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PD-L1 Testing of Patients With Lung Cancer for Immunooncology Therapies


There are many issues that surround immunotherapy and immunomodulatory drugs, such as PD-L1 inhibitors and associated biomarkers. There is a need to develop universally accepted, standardized criteria for immunohistochemistry-based testing of immune checkpoint markers, in particular for PD-L1. According to the Pulmonary Pathology Society, “most laboratories cannot bear the burden of high‐volume send‐out testing; as a result, it is almost inevitable that predictive diagnostics for immunotherapeutics will become a distributed practice, and inter‐laboratory reproducibility will necessarily become a key element of quality assurance.” Pathologists are being asked to determine the best test to use; however, in the US, the Food and Drug Administration is basing decisions on the test used in the clinical trials and not looking in a universal fashion.

At the same time, there is rapidly evolving interest in genomic biomarkersin particular tumor mutation burden (TMB)that may be used in conjunction with or independent of PD-L1 status. It is critical that practicing pathologists make informed decisions about introduction of new biomarkers into their practice. Many new biomarkers have associated high costs both in the form of capital and reagent expenditures or as send out tests. It may be difficult to quickly access unbiased information and pathologists may find themselves unduly influenced by marketing campaigns or by focused and possibly impractical demands from other clinicians.


The primary goal of this guideline is to develop evidence-based recommendations for the testing of immunotherapy/immunomodulatory biomarkers including PD-L1 and TMB in patients with non-small cell lung cancer (NSCLC). Rapid advancement in first and second-line therapy has led to the approval of immune therapies for these patients. Companion diagnostics are required for certain therapies, but there may be variability in methodology, concordance between methods, and standardization.

Key Questions

Pre-Analytical Stage

  1. In NSCLC patients who are being considered for immuno-oncology neoadjuvant therapy, does PD-L1 and TMB testing improve treatment response rates and survival rates?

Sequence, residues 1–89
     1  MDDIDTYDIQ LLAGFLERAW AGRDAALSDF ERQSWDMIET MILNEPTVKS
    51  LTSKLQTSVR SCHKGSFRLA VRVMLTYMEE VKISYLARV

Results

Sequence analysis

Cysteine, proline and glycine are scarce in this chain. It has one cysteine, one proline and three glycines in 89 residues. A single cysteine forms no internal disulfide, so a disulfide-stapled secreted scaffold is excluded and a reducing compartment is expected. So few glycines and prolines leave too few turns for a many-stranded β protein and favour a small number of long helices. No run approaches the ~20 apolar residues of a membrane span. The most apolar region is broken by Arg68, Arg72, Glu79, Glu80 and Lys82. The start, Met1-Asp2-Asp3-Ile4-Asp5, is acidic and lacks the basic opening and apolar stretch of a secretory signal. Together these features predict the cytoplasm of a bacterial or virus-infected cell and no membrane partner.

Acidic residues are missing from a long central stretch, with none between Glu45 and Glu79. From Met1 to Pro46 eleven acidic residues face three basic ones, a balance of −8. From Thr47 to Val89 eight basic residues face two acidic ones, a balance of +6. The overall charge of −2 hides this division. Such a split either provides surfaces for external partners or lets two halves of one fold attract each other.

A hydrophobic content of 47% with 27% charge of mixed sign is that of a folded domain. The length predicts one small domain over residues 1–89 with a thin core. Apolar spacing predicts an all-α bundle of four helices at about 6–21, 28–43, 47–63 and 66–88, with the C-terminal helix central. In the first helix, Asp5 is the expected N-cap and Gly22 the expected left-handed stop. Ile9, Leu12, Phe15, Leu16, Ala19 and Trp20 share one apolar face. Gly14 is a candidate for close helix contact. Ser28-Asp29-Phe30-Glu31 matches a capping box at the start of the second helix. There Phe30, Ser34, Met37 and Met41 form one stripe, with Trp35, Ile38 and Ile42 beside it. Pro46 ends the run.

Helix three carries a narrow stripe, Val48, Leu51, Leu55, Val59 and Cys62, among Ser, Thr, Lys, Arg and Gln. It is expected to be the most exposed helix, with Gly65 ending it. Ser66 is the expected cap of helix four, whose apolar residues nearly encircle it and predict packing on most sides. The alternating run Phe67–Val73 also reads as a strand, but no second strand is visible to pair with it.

2. When selecting patients for anti-PD1 and anti-PD-L1 therapy, does testing of different specimen types provide concordant clinical outcomes?
  3. Does the use of immunotherapy in advanced NSCLC patients with targetable ALK, EGFR, ROS1, or BRAF molecular alterations affect their long-term clinical outcomes?
  4. When selecting patients for anti-PD1 and anti-PD-L1 therapy, does TMB testing have the analytical validity to identify a complementary population who will benefit from therapy?
  5. In NSCLC patients with more than one available sample, do multiple samples provide concordant PD-L1 and TMB testing results and downstream clinical outcomes?
  6. Does clinical validity of PD-L1 testing differ by levels of PD-L1 expression in tumor or immune cells?
  7. How reproducible are PD-L1 tumor cell scores and immune cell scores across specimen types?
  8. Do the available PD-L1 assays provide concordant expression profiles when evaluating the same sample and which IHC expression cut-off provides the most reproducible expression categorization across the assays?

Open Comment Period Information

All stakeholders—including pathologists, oncologists, hospital or laboratory managers, and patient advocacy group representatives—are encouraged to review and submit feedback on the draft recommendations by April 30, 2021.

Review the following resources to provide your feedback:

Expert Panel Members

  • Lynette M. Sholl, MD, FCAP, Co-chair
  • Larissa V. Furtado, MD, FCAP, Co-chair
  • Mark Awad, MD, PhD
  • Mary Beth Beasley, MD
  • Richard Cartun, MS, PhD
  • Fernando Lopez-Rios, MD, PhD
  • David Hwang, MD, FCAP, PhD
  • Gregory P. Kalemkerian, MD
  • Mari Mino-Kenudson, MD
  • Ajit Paintal, MD
  • Lauren Ritterhouse, MD, FCAP
  • Paul Swanson, MD, FCAP
  • Carol Colasacco, MLIS, SCT(ASCP)
  • Kearin Reid, MLIS, MLS(ASCP)
  • Lesley Souter, PhD
  • Christina B. Ventura, MPH, MT(ASCP)

Patient Advocates

  • Upal Basu Roy, PhD, MPH
  • Barbara Ward


  • American Society of Clinical Oncology
  • Association for Molecular Pathology
  • International Association for the Study of Lung Cancer
  • Pulmonary Pathology Society
  • LUNGevity Foundation


  • The information, data, and draft recommendations provided by the College of American Pathologists are presented for informational and public feedback purposes only.
  • The draft recommendations and supporting documents will be removed on May 10, 2021.
  • The draft recommendations along with the public comments received and completed evidence review will be reassessed by the expert panel in order to formulate the final recommendations. These draft materials should not be stored, adapted, or redistributed in any manner.
  • Please note: comments are not posted automatically. All comments will be posted on a weekly basis beginning April 5-May 2, 2021.
  • Following the open comment period, the guideline authors will consider all feedback to finalize the recommendations. The final recommendations will be formally published as a guideline in Archives of Pathology & Laboratory Medicine.
  • The CAP Pathology and Laboratory Quality Center for Evidence-based Guidelines (Center) develops recommendations related to the practice of pathology and laboratory medicine. Through this work, we and our members continually improve the quality of diagnostic medicine and patient outcomes. For questions, please contact center@cap.org.

Review more upcoming CAP evidence-based guidelines by the Center.

Public Comment Period

Share your voice by 4/30/21—PD-L1 Testing of Patients With Lung Cancer for Immunooncology Therapies

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